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The 18 women who received the vaccine went a median of 19 months before their tumor reappeared, the team noted.
"From a clinical standpoint, the assertion that the women had a 19-month progression-free survival is astounding, because these are all recurrent disease patients," said Dr. Robert Morgan Jr., section head of medical gynecologic oncology at City of Hope Cancer Center in Duarte, Calif.
"In general, response rates and progression-free survival you see from someone is usually around six to eight months before the tumors relapse. This is really encouraging," added Morgan, who was not involved in the study.
He did sound one note of caution, however. "Eighteen patients is obviously not going to be enough to draw any firm conclusions," Morgan said. "But I think that this data is certainly data which should be encouraging to continue in larger trials."
Another expert echoed those sentiments.
"This is a very well-done study showing what we all know: that the immune system can play a very important role in our fight against cancers," said Dr. David A. Fishman, director of gynecologic oncology, cancer prevention and early detection at New York University Cancer Institute in New York City. "From a scientific standpoint, it's a very interesting study that shows a lot of promise, but it does not show that we're ready for prime-time yet."
The study, which was led by Dr. Kunle Odunsi of the Roswell Park Cancer Institute, in Buffalo, N.Y., was published Monday in the online edition of the Proceedings of the National Academy of Sciences.
Ovarian cancer is the fifth leading cancer killer of women. Some 20,000 women in the United States are diagnosed with the disease every year, and about 15,000 women will die from it during the same time frame.
As with most cancers, a woman's chances of survival are better if the disease is found early, but ovarian tumors are a "stealth killer," because they are notoriously difficult to detect in their early stages. Only about 20 percent of ovarian cancers are found before the malignancy has spread to other tissues, according to information from the Mayo Clinic.
Researchers are exploring vaccines as one way to extend remission. Vaccines essentially harness the body's own immune system to recognize some component of the cancer, then turn the body's forces against it.
Immune agents called cancer-testis antigens are found in abundance in a variety of cancer types and so are good candidates for vaccination, the researchers explained. An antigen known as NY-ESO-1 has shown particular promise.
"NY-ESO-1 peptide has been recognized and known as a potentially tumor-specific antigen, and that's the one single peptide that they're using for this particular vaccine," Morgan explained.
The Roswell Park team tested the vaccine in 18 women with epithelial ovarian cancer, which originates in the covering of the ovaries. All participants had undergone surgery and had completed chemotherapy. Most of the patients had advanced disease.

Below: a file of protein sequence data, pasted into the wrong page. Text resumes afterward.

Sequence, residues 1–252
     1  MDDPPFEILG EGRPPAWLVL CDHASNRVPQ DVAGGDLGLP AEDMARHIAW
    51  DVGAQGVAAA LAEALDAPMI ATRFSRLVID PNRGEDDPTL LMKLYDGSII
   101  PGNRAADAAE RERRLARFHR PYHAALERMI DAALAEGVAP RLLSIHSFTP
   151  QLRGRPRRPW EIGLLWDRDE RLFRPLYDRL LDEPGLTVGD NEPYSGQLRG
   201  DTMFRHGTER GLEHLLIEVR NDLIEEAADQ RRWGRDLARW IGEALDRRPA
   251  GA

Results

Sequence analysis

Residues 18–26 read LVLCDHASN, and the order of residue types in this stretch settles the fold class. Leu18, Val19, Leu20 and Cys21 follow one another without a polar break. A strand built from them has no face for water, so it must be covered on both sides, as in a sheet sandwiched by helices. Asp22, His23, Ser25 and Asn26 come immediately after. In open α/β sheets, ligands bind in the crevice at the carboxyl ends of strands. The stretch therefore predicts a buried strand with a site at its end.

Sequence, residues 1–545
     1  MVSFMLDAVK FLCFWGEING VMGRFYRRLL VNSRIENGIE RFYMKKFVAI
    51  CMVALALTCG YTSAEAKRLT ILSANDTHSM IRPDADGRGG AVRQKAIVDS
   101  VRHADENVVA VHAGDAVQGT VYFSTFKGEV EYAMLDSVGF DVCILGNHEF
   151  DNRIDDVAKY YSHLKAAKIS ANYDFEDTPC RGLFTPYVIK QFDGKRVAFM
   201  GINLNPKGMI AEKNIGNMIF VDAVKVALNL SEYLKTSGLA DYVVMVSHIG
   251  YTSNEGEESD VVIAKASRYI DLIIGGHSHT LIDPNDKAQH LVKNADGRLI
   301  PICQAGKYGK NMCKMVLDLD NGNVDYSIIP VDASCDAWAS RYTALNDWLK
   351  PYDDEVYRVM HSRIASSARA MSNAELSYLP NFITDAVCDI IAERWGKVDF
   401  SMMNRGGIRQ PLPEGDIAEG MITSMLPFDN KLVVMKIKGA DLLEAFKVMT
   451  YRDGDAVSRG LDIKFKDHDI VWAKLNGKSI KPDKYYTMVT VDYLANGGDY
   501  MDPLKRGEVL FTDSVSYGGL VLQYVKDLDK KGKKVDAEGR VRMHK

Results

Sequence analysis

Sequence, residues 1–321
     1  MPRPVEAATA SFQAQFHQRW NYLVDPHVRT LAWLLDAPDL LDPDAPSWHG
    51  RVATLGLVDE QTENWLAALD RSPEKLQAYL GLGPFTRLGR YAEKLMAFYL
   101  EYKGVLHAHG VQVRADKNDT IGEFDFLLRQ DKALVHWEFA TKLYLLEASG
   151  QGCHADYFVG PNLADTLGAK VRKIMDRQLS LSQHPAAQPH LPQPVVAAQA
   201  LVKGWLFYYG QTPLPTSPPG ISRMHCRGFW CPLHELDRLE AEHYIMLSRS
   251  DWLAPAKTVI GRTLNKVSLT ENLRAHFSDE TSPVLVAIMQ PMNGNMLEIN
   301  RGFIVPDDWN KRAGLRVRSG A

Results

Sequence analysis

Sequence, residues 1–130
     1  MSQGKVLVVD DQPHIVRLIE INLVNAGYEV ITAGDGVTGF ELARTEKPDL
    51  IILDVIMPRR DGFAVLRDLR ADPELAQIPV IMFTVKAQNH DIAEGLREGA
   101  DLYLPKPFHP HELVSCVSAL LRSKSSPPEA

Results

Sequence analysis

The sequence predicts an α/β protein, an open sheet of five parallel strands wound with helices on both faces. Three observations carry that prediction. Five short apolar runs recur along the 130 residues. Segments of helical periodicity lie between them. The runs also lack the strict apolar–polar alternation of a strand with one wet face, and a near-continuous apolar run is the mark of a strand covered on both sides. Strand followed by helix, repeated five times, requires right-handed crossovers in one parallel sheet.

The vaccine turned out to be safe and also induced patients' antibody and T-cell responses, both measures of immune responses. The T-cells were able to recognize tumor cells containing NY-ESO-1.
Vaccine-induced immune cells were also found to be present in patients up to a year after immunization.
One woman experienced a complete regression of her disease after 10 vaccinations, although the disease did recur again eight months after the vaccinations were discontinued.
While phase I trials like this one are intended mainly to look at safety issues, they can often yield more information, Morgan said.
"While the classical goal of phase I trials is toxicity evaluation, these kinds of agents are different, because they usually don't have much in the area of toxicity," he explained. "What you're really looking for is a response to the proteins."
"I'm very encouraged," he continued.
Fishman said the findings are promising, but even better vaccine candidates may lie ahead.
NY-ESO-1 "is probably not the best peptide to be used as a vaccine because all vaccines are based on targeting something unique to the disease, and this is not unique to ovarian cancer," Fishman said.
However, the study "does show the promise of immunotherapy," he added, "and as we become more sophisticated, hopefully someday we will be able to have vaccines that will treat or ultimately prevent one from developing cancer. That is the goal -- to vaccinate so you never get the disease."
SOURCES: Robert Morgan Jr., M.D., section head, medical gynecologic oncology, City of Hope Cancer Center, Duarte, Calif.; David A. Fishman, M.D., director, gynecologic oncology, cancer prevention and early detection, New York University Cancer Institute and professor, obstetrics and gynecology, New York University School of Medicine, New York City; July 23-27, 2007, Proceedings of the National Academy of Sciences
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